Gender distinctions: should we be more sensitive to the different therapeutic needs of men and women in clinical hypnosis? Findings from a pilot interview study

Citation metadata

Authors: Leiya Lemkey, Belinda Brown and John A. Barry
Date: Spring 2015
From: Australian Journal of Clinical Hypnotherapy and Hypnosis(Vol. 37, Issue 2)
Publisher: Australian Society of Clinical Hypnotherapists
Document Type: Report
Length: 3,718 words

Main content

Abstract :

Men are less likely than women to seek therapies of various kinds. This pilot study aimed to obtain preliminary findings on how gender differences impacts on help-seeking and treatment preferences in clinical hypnosis. Six UK-based clinical hypnotherapists were interviewed by phone between December 2014 and March 2015. All six therapists identified gender differences in help-seeking with their clients. Five of the six therapists identified gender differences as potentially important when dealing with clients' presenting problems and treatment preferences. The core category that emerged from grounded theory analysis of the interviews was 'The causes of changes in gender-typical patterns'. These initial findings have implications on how clinical hypnotherapists are trained in respect to maximising their therapeutic efficacy.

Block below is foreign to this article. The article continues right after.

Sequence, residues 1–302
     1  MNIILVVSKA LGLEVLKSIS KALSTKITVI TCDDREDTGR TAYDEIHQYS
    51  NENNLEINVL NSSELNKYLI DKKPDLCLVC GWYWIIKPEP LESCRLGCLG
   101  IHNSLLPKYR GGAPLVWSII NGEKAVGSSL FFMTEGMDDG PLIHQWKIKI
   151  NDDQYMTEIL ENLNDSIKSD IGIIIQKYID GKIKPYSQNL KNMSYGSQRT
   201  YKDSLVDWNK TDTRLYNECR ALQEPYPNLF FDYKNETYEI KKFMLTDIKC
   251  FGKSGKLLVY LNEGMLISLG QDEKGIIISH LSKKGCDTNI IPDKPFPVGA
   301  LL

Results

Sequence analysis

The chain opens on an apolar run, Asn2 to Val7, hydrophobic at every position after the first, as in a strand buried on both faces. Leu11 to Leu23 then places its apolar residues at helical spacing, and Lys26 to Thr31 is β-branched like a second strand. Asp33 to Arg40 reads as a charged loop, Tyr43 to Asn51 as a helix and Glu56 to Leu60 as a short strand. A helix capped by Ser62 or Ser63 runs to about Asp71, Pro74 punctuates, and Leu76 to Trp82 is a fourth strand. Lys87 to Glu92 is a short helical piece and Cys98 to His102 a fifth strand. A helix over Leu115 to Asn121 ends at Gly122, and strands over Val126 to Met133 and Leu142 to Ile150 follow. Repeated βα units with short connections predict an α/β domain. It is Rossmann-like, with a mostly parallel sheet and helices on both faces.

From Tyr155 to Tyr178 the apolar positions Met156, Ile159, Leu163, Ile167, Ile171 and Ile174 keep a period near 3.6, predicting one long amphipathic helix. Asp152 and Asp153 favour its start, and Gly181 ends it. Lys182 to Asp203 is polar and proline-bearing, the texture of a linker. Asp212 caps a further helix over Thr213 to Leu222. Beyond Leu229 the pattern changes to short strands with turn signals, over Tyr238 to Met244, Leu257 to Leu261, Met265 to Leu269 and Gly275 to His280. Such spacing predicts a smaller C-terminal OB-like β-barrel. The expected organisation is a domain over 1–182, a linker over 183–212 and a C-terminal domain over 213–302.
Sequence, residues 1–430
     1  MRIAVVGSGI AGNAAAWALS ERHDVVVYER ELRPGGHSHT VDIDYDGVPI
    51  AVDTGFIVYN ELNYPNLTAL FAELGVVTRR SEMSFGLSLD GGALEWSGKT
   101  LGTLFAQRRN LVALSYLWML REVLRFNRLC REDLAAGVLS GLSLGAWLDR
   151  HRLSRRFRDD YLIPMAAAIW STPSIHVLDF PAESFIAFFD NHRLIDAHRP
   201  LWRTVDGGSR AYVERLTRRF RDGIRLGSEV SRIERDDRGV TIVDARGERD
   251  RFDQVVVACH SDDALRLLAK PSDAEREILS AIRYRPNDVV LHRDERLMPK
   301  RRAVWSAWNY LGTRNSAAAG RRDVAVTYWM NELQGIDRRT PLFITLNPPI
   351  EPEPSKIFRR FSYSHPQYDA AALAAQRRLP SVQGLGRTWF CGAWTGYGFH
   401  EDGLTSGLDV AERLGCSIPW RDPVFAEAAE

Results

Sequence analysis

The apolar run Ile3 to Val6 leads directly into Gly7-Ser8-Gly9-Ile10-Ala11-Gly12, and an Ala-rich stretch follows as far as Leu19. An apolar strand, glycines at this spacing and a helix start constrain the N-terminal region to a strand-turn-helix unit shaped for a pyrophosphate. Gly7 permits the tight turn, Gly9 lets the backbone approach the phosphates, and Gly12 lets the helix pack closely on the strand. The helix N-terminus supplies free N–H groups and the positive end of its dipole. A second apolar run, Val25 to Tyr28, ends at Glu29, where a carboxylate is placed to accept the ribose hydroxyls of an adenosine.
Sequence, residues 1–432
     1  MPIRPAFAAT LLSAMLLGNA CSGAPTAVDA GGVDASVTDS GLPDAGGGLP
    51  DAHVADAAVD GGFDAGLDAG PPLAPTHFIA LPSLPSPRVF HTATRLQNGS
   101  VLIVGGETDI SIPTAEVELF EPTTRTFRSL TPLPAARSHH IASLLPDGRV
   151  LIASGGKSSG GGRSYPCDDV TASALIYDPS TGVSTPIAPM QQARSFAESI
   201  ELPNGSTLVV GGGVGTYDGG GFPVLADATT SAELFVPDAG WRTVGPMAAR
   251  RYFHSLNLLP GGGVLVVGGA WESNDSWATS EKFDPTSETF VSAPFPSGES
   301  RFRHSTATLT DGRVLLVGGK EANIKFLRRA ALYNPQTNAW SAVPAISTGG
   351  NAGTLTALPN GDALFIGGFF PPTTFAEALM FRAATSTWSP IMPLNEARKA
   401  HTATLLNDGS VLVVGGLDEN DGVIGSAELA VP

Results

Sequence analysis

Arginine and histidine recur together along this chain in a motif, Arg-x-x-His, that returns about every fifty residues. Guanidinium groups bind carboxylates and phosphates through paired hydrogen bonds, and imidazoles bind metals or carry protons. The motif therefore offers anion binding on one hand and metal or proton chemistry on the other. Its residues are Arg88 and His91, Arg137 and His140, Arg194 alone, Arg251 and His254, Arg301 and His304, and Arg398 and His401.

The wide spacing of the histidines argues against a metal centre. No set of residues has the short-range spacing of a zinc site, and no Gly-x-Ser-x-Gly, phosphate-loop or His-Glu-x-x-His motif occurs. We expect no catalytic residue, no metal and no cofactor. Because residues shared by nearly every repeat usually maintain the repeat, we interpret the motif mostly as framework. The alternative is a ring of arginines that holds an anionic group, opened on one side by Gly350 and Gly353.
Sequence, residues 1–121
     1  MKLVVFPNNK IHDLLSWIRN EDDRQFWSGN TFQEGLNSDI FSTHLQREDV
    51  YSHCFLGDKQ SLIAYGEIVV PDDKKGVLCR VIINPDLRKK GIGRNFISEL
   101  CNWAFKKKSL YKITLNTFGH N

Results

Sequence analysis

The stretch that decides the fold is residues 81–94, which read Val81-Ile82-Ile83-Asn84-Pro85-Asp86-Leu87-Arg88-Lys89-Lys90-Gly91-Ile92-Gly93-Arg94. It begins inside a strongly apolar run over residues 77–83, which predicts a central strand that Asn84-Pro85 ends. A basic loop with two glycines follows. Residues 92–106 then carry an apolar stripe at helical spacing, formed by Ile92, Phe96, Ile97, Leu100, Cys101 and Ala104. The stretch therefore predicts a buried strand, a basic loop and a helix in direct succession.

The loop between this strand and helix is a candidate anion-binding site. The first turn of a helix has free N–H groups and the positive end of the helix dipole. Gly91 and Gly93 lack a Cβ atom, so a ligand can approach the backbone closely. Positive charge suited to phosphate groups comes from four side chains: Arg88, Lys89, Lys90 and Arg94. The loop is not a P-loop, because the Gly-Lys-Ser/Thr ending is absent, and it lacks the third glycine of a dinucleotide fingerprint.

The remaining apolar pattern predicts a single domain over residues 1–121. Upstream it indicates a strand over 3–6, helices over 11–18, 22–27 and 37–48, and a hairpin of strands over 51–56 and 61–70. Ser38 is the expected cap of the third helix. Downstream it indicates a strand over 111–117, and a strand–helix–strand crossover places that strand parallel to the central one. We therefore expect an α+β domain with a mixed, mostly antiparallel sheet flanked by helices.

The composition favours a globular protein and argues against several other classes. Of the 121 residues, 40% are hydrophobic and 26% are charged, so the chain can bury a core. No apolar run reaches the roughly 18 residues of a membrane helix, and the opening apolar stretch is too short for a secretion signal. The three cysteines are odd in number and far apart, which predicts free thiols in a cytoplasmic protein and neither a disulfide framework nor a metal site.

Source Citation

Source Citation
Lemkey, Leiya, et al. "Gender distinctions: should we be more sensitive to the different therapeutic needs of men and women in clinical hypnosis? Findings from a pilot interview study." Australian Journal of Clinical Hypnotherapy and Hypnosis, vol. 37, no. 2, spring 2015, pp. 10+. Accessed 5 Dec. 2022.
  

Gale Document Number: GALE|A462901357